### Ex 2.49

Creating the basic shapes isn’t that hard to do — only a few segments are necessary. This is more of a test to exercise the segment operators as defined in the previous exercise. The ‘framebox’ painter did reveal what I considered a tiny flaw in the painter library: the image actually paints from 0 to 127 pixels, meaning that if a full-size frame is used, the edge of the box is drawn outside of the snip’s area. I handled this automatically when the frame box is drawn, and ignored it at other times. Close inspection of the diamond, for instance, will reveal that the tip is missing on the upper and right points.

The last image (the wave-painter) is merely the result of tracing the image by hand, using graphical tools to measure the length of each segment, and then scaling them appropriately.

### Ex 2.50

These are all easily patterned on `flip-vertical`

, with the proper application of the unit vectors that describe the desired transformation.

### Ex 2.51

In the first version, we pattern it on `beside`

and again adjust the points of our transformation. I prefer using `split-frac`

(a scalar value) to `split-point`

(a vector) so that it can be used in all points where it’s required.

The second version may well be shorter, but to my mind is harder to figure out just by looking at it. It’s a good comparison of concise code vs. readable code. This exercise also provides another chance to test the rotation functions, as any solution will require some combination of them.

### Ex 2.52

These are free-form so there isn’t really a right or wrong approach to them. I added segments using a second painter (and combined them into another one) but that could just as well have been done by extending the list of points — in some sense this could be considered the ‘incorrect’ approach given that the exercise recommends modifications at the various levels of abstraction discussed. It’s a creative exercise, so it’s just as much about finding a level you’re comfortable with.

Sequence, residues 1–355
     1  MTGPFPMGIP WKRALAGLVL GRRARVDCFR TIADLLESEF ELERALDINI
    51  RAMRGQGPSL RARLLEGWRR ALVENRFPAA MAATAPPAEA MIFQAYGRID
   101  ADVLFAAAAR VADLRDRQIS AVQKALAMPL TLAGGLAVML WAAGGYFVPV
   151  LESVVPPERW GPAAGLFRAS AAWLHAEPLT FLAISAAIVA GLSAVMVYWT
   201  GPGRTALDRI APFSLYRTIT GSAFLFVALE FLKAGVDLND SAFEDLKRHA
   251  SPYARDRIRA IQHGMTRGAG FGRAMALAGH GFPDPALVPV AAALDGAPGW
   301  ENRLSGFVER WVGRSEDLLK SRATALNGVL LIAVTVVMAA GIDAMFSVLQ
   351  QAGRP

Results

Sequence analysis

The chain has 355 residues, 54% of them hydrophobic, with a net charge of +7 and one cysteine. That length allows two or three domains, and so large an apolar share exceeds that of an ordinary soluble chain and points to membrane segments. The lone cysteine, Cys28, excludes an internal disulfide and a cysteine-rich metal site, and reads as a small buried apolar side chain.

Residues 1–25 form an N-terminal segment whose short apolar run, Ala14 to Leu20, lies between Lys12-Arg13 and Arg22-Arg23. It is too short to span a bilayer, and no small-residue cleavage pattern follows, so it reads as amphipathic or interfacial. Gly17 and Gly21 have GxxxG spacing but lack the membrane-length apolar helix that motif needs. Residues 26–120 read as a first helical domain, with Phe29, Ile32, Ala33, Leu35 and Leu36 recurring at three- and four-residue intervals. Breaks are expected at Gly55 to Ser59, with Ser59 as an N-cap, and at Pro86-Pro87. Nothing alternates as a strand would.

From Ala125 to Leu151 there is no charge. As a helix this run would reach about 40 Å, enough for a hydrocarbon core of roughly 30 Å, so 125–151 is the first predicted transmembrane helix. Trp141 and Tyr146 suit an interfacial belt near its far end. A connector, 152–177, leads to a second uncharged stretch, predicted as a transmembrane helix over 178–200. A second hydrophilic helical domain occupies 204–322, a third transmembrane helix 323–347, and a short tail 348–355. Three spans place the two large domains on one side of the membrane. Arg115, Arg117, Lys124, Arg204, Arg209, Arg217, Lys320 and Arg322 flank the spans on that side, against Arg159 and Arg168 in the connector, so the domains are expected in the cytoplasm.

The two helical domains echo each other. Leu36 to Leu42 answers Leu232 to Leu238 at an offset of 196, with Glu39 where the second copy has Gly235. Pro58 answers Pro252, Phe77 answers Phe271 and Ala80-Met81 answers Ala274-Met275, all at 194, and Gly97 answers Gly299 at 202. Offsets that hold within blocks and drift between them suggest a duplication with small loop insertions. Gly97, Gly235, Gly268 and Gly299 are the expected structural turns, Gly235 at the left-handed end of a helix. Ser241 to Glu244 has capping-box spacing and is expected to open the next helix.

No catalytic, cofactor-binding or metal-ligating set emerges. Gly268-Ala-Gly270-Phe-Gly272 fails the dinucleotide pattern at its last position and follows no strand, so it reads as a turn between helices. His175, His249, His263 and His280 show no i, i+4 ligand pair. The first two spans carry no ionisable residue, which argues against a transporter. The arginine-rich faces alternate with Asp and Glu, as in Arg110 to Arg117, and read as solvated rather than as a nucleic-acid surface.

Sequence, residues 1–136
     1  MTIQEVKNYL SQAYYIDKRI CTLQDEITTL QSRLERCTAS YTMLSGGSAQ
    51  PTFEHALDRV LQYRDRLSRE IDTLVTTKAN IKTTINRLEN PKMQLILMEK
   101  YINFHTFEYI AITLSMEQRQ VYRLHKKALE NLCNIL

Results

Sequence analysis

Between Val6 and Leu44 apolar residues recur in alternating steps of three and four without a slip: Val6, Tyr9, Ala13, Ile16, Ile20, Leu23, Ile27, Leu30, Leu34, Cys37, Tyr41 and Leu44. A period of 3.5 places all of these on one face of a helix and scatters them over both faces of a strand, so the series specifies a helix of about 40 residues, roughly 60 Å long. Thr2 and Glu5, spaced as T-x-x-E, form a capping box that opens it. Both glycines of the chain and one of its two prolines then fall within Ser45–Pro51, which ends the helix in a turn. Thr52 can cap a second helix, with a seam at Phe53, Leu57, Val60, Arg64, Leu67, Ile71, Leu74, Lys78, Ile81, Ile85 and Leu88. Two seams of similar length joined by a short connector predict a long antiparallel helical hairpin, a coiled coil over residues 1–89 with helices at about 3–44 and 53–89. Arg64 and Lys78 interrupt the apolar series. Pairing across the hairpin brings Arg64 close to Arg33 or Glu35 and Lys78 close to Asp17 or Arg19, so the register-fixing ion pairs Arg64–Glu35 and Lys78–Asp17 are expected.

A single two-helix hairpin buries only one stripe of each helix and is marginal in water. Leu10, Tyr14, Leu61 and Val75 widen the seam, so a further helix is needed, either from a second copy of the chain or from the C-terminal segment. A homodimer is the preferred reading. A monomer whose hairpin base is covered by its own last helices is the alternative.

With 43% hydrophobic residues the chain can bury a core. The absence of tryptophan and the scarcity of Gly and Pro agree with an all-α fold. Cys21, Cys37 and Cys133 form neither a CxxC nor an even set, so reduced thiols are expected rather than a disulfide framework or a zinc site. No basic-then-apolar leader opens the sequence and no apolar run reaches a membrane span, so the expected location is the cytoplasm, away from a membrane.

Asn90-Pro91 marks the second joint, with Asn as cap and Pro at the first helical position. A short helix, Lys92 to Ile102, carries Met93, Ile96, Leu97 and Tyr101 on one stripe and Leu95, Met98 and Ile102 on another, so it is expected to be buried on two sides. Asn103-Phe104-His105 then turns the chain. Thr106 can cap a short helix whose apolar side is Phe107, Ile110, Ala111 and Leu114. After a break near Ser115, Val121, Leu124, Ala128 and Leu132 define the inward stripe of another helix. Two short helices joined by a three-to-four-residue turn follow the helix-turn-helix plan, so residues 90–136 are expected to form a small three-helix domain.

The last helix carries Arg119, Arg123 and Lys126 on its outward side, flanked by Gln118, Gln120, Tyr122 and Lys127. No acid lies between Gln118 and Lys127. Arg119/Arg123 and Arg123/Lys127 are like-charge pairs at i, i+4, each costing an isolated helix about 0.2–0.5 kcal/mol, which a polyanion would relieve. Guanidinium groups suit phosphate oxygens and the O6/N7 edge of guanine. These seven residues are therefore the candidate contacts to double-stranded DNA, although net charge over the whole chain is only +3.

I’ve also provided an alternative set of solutions, showing off Racket’s Drawing Toolkit. (Full disclosure: this is how I originally solved the exercises, before finding the soegaard package). It is certainly a much more powerful library than the specialized SICP picture one. It’s suitable for drawing just about anything that is required, but requires more setup, and the output isn’t directly ‘readable’ as snips. Pictures are drawn in a different window on a particular **canvas**, which will have a **drawing context**. Other details such as pen color are provided, and a few examples are given in the file to show how shapes can be drawn directly.

In order to keep it simple, only one window and drawing context is used for all the pictures in the file. This allows `draw-line`

to not require any additional arguments. However, this also means any picture is immediately drawn over the one being shown. Therefore time delays are used, along with a function ‘slideshow’ to cycle through a few painters at a time.

This is just to show another way to implement the graphical details, and may not even be the best way to do it with these tools. More details on how it all works can be found by looking at the documentation for the Drawing Toolkit.